On August 5, 2011, Standard & Poor’s (S&P) lowered theUnited States long-term sovereign credit rating from AAA to AA+. This led to a massive worldwide sell-off of equities the following week and the subsequent market turmoil that continues.
S&P also concluded that the outlook for the long-term rating was negative. Not surprisingly, the primary reason cited for the downgrade was the Congressional gridlock over raising the debt ceiling and the lack of a plausible plan to reduce the budget deficit. There has been much debate as to whether the downgrade was warranted and that debate will no doubt continue for some time.
What was clear though, was that the bond market did not downgrade the U.S. Treasury market. There was a flight to safety as money flowed into U.S. Treasuries, raising prices and causing interest rates to fall. The 3 month and 6 month Treasury Bills are yielding .01% today. The 2 year and 5 year Treasury Notes are yielding .18% and .93% respectively. And, the 10 year Treasury bond is yielding 2.19%.
More than likely the flight to safety can be attributed to worries about the global economic outlook as well as the long running financial crisis inEurope. During the last few years, many yield-starved domestic money market funds had been buying the dollar denominated commercial paper of the large European banks. Lately, however, with the uncertainty surrounding the financial soundness of European banks the appetite for these securities has declined sharply.
According to the Bank for International Settlements, large European banks, particularly those ofFranceandGermany, hold a vast amount of European sovereign debt. Greeceis effectively bankrupt and will not be able to repay its debts in full. IrelandandPortugalare in similar straits. While certainly not in as dire condition, interest rates forItalyandSpainhave increased appreciably. Recently, the European Central Bank began purchasing bonds ofItalyandSpain, the third and fourth largest European economies, to stabilize the market from the fear of contagion. The lack of confidence for a quick solution has caused the cost to insure French sovereign debt against default to jump to record levels.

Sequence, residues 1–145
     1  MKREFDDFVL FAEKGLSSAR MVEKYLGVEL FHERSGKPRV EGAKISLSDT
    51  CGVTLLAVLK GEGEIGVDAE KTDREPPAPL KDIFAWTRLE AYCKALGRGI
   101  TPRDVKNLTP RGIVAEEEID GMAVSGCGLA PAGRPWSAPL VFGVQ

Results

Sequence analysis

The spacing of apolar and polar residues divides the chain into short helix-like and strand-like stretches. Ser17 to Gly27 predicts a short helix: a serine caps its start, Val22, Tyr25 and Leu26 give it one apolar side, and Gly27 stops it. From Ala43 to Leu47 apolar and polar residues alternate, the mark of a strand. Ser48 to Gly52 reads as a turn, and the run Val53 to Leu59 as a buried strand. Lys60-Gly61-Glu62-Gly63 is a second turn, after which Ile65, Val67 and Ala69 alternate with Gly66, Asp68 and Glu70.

Most analysts are of the opinion that European banks will need to raise capital in the near future. During the depths of the financial crisis,U.S.banks were forced to raise significant amounts of capital to repair balance sheets that were riddled with troubled assets. European banks, on the other hand, did not act swiftly and will soon have to pay the piper for their dalliance. The lack of aggressive action has provided the momentum that is leading the market downward in an economy clearly weakening.
Financial markets detest uncertainty. Expect the volatility of recent weeks to continue until such time as the European Union leaders put in place a comprehensive plan to resolve once and for all the sovereign dept crisis. The crisis has festered for the past two years without a credible solution. If not resolved soon the nascent economic recovery will in all likelihood continue to be muted – at best. At worst – it might be tipped into another recession.